Not too far from Thika (of The Flame Trees of… fame), there’s a lovely mountain park that I did not really have on my list, but as I had not spent much time in the Thika area, why not? That’s what Saturdays in Kenya are for, right?
It was a beautiful drive to Thika, once we got away from the construction on the new Thika highway (the Chinese are doing the Kenyans a big favor with all the road construction they’re sponsoring, but it sure does make a mess – and tie up traffic, even on week-ends!).
The park itself is named for the great mountain in its midst, the Masai word for “big mountain.” The Kikuku tribe calls the mountain (and the park) Kilima Mbogo, their word for the African buffalo, and one can understand why they gave it the name. The park is famous for the buffalo, often found in great numbers in the park, and we had heard many stories about the many African buffalo we would see there, in great herds.
That was not to be our experience, alas. For some reason, the buffalo were in hiding, and we did not see a single one! Our guide opined that it was because we were there in the middle of the day, and it was – unusual for us but apparently not so unusual for this part of the country – very hot.
So while we were not going to get to see the buffalo (and not a big deal, really, as we’ve seen plenty of them in other places), we were going to see some magnificent scenery. We feasted our eyes and shot many photographs simply because, like when we were at the Menengei Crater, there’s just so much to see and the vistas are so spectacular. In fact, if I were in charge of tourism for the Ol Donyo Sabuk National Park, I would just skip over the buffalo stuff and go straight to the scenery. You can see some of our photographs here.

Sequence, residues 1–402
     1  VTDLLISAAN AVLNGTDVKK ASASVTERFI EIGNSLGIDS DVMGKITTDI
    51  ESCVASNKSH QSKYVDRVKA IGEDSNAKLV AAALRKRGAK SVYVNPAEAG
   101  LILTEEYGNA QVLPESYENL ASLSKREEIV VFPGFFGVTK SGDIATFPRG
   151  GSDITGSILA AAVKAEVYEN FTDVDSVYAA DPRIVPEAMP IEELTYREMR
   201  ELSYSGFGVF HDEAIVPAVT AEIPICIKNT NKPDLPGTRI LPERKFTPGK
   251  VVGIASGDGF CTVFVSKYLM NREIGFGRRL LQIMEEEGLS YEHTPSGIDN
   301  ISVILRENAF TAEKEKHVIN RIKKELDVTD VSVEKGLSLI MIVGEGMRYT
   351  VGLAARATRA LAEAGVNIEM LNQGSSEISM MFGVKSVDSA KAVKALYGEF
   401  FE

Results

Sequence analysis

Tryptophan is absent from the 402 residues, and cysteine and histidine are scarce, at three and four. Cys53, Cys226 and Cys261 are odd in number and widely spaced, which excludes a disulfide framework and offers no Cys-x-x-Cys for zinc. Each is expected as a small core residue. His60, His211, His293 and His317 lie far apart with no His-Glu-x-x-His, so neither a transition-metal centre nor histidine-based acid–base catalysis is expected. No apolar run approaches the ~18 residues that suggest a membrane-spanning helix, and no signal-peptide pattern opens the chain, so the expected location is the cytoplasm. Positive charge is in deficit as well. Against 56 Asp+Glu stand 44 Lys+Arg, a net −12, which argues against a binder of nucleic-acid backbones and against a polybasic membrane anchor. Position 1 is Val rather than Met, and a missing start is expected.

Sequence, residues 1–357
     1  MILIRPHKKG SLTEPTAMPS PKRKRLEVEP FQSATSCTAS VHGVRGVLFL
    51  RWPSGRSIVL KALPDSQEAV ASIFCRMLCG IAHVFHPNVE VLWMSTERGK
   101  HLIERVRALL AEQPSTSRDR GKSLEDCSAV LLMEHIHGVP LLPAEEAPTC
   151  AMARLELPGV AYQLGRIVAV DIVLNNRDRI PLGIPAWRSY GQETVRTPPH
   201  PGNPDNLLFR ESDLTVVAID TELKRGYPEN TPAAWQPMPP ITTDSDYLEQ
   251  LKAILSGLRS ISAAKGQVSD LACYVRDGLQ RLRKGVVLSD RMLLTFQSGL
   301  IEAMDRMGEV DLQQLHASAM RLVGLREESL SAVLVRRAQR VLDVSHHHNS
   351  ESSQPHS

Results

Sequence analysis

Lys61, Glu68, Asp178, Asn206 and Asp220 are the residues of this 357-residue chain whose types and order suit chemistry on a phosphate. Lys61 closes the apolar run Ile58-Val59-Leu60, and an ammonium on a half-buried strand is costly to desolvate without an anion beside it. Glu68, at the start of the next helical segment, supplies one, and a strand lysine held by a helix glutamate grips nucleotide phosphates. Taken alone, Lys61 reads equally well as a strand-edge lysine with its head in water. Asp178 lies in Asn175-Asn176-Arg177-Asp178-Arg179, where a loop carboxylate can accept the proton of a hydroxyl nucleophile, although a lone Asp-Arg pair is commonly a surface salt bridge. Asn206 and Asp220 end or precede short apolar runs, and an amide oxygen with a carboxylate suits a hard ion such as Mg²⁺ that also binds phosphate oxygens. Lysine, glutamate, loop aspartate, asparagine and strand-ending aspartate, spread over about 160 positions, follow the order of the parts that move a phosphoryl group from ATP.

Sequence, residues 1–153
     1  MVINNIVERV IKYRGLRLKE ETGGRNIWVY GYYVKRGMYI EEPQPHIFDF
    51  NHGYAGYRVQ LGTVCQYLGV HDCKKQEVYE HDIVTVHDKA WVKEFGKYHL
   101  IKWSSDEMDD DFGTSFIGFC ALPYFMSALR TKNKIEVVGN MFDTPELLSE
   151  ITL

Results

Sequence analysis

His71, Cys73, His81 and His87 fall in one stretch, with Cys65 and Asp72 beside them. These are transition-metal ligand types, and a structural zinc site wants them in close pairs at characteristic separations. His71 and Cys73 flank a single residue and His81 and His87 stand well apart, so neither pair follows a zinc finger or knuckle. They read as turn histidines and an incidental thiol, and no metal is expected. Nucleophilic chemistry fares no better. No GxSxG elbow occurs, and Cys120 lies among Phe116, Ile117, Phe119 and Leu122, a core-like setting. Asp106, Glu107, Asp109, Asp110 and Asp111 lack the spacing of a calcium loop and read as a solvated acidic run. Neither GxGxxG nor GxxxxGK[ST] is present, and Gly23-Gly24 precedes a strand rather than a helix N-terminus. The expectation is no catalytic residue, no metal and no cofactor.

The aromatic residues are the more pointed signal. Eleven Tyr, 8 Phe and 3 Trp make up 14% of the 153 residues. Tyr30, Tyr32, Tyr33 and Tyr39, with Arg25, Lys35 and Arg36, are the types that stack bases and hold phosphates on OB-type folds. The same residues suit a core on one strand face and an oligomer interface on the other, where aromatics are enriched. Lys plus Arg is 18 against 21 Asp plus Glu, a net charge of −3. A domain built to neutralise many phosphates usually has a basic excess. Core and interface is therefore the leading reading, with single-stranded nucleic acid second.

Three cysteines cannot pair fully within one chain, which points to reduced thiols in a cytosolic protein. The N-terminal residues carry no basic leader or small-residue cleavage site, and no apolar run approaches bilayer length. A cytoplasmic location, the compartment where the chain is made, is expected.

The park has quite a history, too. For one thing, the country’s more recent history is represented near here as the home of the country’s first President – Jomo Kenyatta – is nearby. We didn’t get a chance to visit, but apparently the Kenyans often stop by to pay homage. Also nearby is the birthplace of Tom Mboya, born in the area in 1930. One of Kenya’s most important politicians, Mobya’s career was cut short with his dreadful assassination in 1969.
The colorful history of the area goes back even further. Part of the wicked Happy Valley (ahem!) activities took place in the surrounding countryside but an even more important legacy is the contribution of Lord William Northrop Macmillan (1872-1925). Despite the title, he was an American, from St. Louis. He came to Kenya for big-game hunting (even hosting Theodore Roosevelt for a hunting excursion or two) and stayed on to become a major philanthropist for the country. Like Lord Egerton, Lord Macmillan had much to do with the establishment of Kenya’s agricultural economy, and he and his wife – both buried on the mountain – are warmly remembered by the people of the area.